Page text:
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Roy Norris Goes To Meet His Maker — Or More Likely The Other Bloke

The statements, views and opinions expressed in this column are solely those of the author and do not necessarily represent those of this site. This site does not give financial, investment or medical advice.

If you haven’t heard the name Roy Norris, that is not too surprising, because he was one of the lesser known monsters to destroy innocent young lives for the fun of it. One of the lesser known but one of the most insidious.

California has produced more than its fair share of serial killers, and more than its fair share of “killer couples”. Gerald and Charlene Gallego murdered a total of ten people – nine girls/women and one man. He was sentenced to death but died of cancer in 2002. She was released in 1997, having taken a plea to testify against her husband.

Kenneth Bianchi and his cousin Angelo Buono were known initially as the Hillside Strangler. The police had a suspicion that this monster was more than one man, a suspicion that was confirmed when Bianchi was arrested for murdering two women in Washington State and spilled the beans about the ten earlier murders.

The last murder committed by the Hillside Strangers was February 16, 1978; the two murders by Bianchi were January 11, 1979. Roy Norris and his partner-in-crime Lawrence Bittaker murdered their first victim five and a half months later; their short but sickening spree being directly inspired by Buono and Bianchi. If their story were not so well documented, nobody in Hollywood would even read the script, including Harvey Weinstein.

Roy Norris was born at Greeley, Colorado on February 5, 1948. Lawrence Sigmund Bittaker was born at Pittsburgh on September 27, 1940. He was adopted as an infant, and appears to have had a difficult childhood, dropping out of school for a life of petty crime. This was a waste of talent as at one time he was said to have had the highest IQ of any prisoner in the United States.

In 1974, Bittaker came within a whisker of lifetime incarceration when he stabbed a supermarket employee in the chest while shoplifting. The blow narrowly missed the victim’s heart. It was while incarcerated for that offence that he met Roy Norris, who was already a convicted rapist with an appalling record, and should not have been released as early as 1979, if ever.

Norris is thought to have been the first and only true friend Bittaker ever had. There is nothing necessarily sinister about two men bonding in prison, but there was this time. The two hatched a plan. When they were released, they would kidnap, rape, torture and murder teenage girls. Bittaker was released in October 1978, and found work as a skilled machinist earning nearly a thousand dollars a week, an incredible stroke of luck for a drop-out with a long criminal history. Norris was released in January the following year and moved back home with his mother. He too found a well paid job, and had the two men put their sick fantasy behind them, they might eventually have become half-decent if flawed citizens, although that would have been a tall order for Norris.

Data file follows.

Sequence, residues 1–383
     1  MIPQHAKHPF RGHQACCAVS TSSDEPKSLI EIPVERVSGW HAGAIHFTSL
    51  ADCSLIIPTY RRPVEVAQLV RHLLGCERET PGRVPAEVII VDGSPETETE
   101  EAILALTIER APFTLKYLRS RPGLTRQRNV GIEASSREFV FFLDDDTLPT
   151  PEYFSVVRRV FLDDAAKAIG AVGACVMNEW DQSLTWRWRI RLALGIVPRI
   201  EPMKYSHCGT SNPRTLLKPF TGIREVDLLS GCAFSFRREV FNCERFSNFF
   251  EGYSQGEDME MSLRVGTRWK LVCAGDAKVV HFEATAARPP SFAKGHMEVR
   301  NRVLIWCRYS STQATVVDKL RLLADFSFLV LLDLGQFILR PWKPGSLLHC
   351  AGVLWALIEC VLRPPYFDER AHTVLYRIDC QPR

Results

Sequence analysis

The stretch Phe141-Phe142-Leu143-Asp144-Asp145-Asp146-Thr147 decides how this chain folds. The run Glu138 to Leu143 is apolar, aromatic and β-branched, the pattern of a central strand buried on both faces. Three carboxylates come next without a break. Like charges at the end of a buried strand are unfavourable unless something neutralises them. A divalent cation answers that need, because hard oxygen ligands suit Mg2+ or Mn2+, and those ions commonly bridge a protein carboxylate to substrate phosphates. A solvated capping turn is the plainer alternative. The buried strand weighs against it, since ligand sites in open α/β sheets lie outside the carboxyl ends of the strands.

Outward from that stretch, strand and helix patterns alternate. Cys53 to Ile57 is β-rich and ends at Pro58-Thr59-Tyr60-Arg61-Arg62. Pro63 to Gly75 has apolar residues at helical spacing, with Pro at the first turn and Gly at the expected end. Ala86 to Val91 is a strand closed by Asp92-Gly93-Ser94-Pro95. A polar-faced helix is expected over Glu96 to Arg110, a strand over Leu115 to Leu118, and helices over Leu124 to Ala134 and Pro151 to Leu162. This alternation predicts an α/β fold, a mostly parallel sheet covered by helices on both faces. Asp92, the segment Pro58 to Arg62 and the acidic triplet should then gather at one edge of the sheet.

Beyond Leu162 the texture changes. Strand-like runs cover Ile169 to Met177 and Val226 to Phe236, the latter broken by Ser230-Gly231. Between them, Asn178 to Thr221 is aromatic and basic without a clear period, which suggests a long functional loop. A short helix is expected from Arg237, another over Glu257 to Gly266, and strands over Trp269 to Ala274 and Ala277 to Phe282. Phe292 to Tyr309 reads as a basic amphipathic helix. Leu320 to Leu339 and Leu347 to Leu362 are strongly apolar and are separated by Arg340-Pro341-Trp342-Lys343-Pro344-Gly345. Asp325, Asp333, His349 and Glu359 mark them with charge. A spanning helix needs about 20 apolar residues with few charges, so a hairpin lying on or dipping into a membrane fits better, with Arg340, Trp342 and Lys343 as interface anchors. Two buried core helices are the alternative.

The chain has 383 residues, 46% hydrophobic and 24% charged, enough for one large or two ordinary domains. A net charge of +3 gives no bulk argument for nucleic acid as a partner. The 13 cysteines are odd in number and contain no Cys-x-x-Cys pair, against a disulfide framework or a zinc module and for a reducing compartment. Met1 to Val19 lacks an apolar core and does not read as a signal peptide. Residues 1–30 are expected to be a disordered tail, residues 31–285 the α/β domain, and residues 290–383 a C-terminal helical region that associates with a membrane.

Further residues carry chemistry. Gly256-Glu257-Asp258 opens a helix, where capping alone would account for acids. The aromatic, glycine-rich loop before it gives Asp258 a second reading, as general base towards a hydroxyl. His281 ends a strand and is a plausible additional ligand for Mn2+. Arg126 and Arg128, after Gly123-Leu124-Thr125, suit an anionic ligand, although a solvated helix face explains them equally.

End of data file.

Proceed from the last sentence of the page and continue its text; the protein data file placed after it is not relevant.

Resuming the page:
Instead, Bittaker bought a van which they kitted out for their scheme. Initially, they made a number of practise runs in their vehicle which they called Murder Mac, one that would be immortalised in 2016 by Rich Hillen as Murder Mack. Then they set about kidnapping, raping, torturing and murdering teenage girls.

Fortunately, Whitaker’s ego got the better of him, and he took a memento of their depravity, a tape of a girl screaming, which he played to a criminal associate. Joseph Jackson was the father of two daughters; he told his attorney, and the game was up. Their arrest signalled not simply the end of their crime spree but the end of their friendship, such as it was. Norris took a plea to avoid the death penalty, and testified against Bittaker.

Bittaker stood trial in February 1981, and appeared to relish the proceedings, testifying in his own defense, claiming the victims were prostitutes and trying to palm off everything on Norris. He was convicted and sentenced to death, but shamefully that sentence was not carried out, and he died in San Quentin aged 79 on December 13 last year.

Although they were tried for only five murders, the Toolbox Killers as they would become known claimed at least one more victim. Paul Bynum, the lead investigator on the case. committed suicide in December 1987 aged just 39.

Serving 45 years to life, Norris had entertained some hope of parole, but even California is not that sick. He died in a prison medical facility on February 24, aged 72.

There is plenty of footage on YouTube of the Toolbox Killers including a 2008 documentary so named. After watching that, you will never think of the #MeToo Movement in the same way again.


The statements, views and opinions expressed in this column are solely those of the author and do not necessarily represent those of this site. This site does not give financial, investment or medical advice.

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